If you’re watching an NHL game, you might be curious as to how many players are on each team.
Should you count all the players dressed for the game, that number will likely be 20.
Teams typically suit up 4 forward lines, 3 defensive pairs and two goalies.
Each forward line is composed of a center, right winger and left winger. The defensive pairs are split into the right and left side.
On occasion, teams might even dress an extra defenseman (11 forwards-7 defensemen) in place of a forward.
I go into more detail about this in my blog post here called How Many Players on a Hockey Team?
If salary cap becomes an issue, teams may even be required to dress less than 20 players altogether.
But each team must always have a starting and backup goalie for each game.
However, we know that not all players can be placed onto the ice at once. This is what line combinations and shifts are for.
How many hockey players on the ice?
There are 6 players on the ice for each team in a hockey game. At even strength, teams use line combinations made up of 3 forwards and 2 defensemen during each shift. The sixth player is the goaltender, who remains on the ice for the majority of the game.
Teams cannot ice more than 6 players at once without being in violation of “too many men on the ice” (source - Rule 74).
You can swap out the goalie for an extra player and there is no hard limit to how many forwards or defensemen can play on a shift.
That is, the coach can choose to ice 5 forwards or 5 defensemen if that tickles their fancy.
Although icing 5 defensemen would be quite a questionable tactic.
Going five forwards might happen on the power play or if the team is in desperate need for a goal – but don’t expect this strategy to be applied regularly.
Probably the only restriction to the 6-player limit is that you cannot have both your starting and backup goalies on the ice simultaneously.
Meanwhile, teams might be required to ice less than 6 players, such as on a penalty kill, overlapping minor penalties, overtime and so on.
I cover this in the following segment describing the different gameplay scenarios.
How many players on the ice during the powerplay or when a goalie is pulled?
Before we start, let’s clarify some of the lingo related to gameplay in hockey.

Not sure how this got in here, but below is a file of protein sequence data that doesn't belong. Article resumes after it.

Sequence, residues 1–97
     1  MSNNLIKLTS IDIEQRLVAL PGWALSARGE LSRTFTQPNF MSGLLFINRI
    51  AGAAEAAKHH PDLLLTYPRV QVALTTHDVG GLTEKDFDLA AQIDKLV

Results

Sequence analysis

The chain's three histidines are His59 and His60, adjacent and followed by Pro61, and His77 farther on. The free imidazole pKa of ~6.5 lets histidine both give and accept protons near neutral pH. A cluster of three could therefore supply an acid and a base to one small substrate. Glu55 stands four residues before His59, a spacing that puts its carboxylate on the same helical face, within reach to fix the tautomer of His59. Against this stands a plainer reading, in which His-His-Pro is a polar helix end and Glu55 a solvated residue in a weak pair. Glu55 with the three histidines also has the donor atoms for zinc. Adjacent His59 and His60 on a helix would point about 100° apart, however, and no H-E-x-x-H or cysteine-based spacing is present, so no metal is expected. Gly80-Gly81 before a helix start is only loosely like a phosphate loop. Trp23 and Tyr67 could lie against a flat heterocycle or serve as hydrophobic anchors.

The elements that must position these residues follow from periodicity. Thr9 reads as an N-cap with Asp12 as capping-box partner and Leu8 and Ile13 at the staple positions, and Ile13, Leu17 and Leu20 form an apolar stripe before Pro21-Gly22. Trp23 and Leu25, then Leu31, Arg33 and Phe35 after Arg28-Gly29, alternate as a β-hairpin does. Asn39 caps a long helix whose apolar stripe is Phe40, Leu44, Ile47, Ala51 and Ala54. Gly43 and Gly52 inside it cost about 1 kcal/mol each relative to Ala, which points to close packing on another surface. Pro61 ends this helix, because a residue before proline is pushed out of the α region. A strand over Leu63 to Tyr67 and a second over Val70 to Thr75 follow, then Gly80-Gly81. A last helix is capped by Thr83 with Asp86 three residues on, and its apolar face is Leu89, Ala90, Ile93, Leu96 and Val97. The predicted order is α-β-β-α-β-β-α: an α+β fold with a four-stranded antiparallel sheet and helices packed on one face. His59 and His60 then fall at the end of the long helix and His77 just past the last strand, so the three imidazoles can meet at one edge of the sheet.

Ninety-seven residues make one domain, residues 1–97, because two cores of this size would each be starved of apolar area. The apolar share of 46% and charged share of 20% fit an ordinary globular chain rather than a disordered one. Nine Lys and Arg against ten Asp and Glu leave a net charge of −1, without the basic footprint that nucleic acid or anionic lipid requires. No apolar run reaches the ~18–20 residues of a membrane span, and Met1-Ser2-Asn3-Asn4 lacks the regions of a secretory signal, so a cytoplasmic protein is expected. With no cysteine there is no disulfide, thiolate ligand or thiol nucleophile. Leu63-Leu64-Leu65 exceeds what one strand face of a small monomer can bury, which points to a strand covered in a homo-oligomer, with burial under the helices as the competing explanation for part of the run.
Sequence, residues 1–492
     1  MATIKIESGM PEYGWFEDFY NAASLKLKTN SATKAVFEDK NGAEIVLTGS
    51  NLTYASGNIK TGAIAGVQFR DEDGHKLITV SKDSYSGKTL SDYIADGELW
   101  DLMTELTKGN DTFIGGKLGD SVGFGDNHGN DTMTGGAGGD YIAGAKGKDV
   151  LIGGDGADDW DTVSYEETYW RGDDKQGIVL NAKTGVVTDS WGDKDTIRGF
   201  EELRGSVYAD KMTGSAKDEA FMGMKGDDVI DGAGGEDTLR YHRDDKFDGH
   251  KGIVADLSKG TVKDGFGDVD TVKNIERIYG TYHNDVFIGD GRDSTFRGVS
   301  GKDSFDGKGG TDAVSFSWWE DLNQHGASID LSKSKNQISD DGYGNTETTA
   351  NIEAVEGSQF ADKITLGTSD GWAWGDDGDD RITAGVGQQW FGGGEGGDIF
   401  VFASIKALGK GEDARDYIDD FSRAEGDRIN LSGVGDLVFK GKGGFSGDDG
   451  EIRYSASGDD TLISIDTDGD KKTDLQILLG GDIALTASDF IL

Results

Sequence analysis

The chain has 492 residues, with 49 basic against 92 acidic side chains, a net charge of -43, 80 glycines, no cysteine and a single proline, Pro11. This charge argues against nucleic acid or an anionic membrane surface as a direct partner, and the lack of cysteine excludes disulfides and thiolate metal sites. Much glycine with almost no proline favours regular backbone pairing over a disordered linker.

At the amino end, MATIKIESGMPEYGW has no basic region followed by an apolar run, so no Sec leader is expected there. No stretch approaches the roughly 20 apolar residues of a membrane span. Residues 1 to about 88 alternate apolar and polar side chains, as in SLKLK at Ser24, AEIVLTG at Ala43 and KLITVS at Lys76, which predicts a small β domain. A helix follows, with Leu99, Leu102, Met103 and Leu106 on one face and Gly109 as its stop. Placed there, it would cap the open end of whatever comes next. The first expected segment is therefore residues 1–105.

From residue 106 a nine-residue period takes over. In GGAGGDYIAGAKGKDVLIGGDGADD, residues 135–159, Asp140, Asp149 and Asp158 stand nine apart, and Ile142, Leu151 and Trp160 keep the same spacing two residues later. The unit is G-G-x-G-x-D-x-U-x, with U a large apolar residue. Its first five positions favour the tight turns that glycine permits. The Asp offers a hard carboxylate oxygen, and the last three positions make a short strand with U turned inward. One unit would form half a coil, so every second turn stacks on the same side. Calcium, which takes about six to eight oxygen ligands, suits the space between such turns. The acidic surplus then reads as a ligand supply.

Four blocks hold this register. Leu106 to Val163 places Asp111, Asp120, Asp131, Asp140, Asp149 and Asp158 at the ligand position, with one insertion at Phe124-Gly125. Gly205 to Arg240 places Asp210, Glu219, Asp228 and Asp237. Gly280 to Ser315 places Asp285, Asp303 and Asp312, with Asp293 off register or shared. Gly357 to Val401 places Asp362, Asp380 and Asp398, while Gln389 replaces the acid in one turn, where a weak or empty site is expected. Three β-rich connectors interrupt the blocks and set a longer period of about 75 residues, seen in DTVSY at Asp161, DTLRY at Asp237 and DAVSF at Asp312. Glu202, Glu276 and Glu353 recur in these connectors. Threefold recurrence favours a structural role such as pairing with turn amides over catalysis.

When a commentator states that “teams are playing 5-on-5”, they are referring to the number of skaters on the ice.
Skaters are made up of forwards and defensemen only (i.e. excluding the goalie).
This “X-on-X” situation becomes more apparent when the goalie gets pulled for an extra attacker.
As mentioned, 5-on-5 gameplay is another way of stating that both teams are at even strength, 5 skaters on each side.
In addition, their goalies each complete the maximum of 6 players allowed on the ice per team.
Also, there is the rare scenario in which a shorthanded team will pull their goalie to make up their 5th skater. While it also considered 5-on-5, the shorthanded team is at a disadvantage with the empty net.
This scenario is observed when a team pulls their goalie for an extra skater.
Typically, the team with 6 skaters recalled their goalie because of a delayed penalty call against the opposing team or they are in desperate need to score a goal.
The reason for pulling the goalie on a delayed penalty is that the moment the opponents touch the puck, the play would be whistled dead.
Interestingly, should a player on the non-offending shoot the puck in their own empty net, the goal will be rewarded to the opposition.
Meanwhile, a team may also pull their goalie because they are trailing on the scoreboard and are attempting to tie the game up.
6-on-4 or 6-on-3 Gameplay
You would typically witness a 6-on-4 or 6-on-3 situation when a team is already on the power play and they pull their goalie from the extra attacker.
The team is pulling their goalie likely because they are desperate for a goal, or maybe because of another delayed penalty yet to be called.
5-on-4, 5-on-3 or 4-on-3 Gameplay
These three gameplay situations occur when one team has a numerical advantage over their opponents. 5-on-4 and 5-on-3 means that the power play team has a man advantage or two-man advantage.
On a 4-on-3, both teams were given penalties, however the team with numerical advantage were called for one less infraction.
It’s also possible that one team has a numerical advantage due to pulling their goalie.
In any case, somewhere in that gameplay scenario a penalty was called.
4-on-4 or 3-on-3 Gameplay
These gameplay situations take place when both teams received one or more penalties. The infractions may have been called simultaneously or at various overlapping times.
It’s possible that one of the teams pulled their goalie during the penalty kill to play 4-on-4, but very rare. This would be the case at 3-on-3, because no team can ever be down three skaters.
How many players on the ice in overtime?
When teams finish the game off at even strength in regulation time, they begin overtime playing 3-on-3.
Under no circumstances are teams allowed to pull their goalie in the overtime period. Even on a delayed penalty call.
When a team is awarded a power play in overtime, they add a skater rather than their opponents removing one.
The gameplay scenarios are no different than that in regulation time. If you’d like to learn more about overtime rules, please check out my blog post here.